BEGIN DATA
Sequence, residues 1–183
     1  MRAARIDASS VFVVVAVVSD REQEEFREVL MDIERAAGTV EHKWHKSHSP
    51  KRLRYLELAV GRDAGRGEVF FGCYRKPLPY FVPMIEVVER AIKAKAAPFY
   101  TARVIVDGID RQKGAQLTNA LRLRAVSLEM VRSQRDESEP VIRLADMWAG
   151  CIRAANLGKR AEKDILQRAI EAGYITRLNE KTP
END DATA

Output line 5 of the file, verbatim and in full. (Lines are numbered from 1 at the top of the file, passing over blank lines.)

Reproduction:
   151  CIRAANLGKR AEKDILQRAI EAGYITRLNE KTP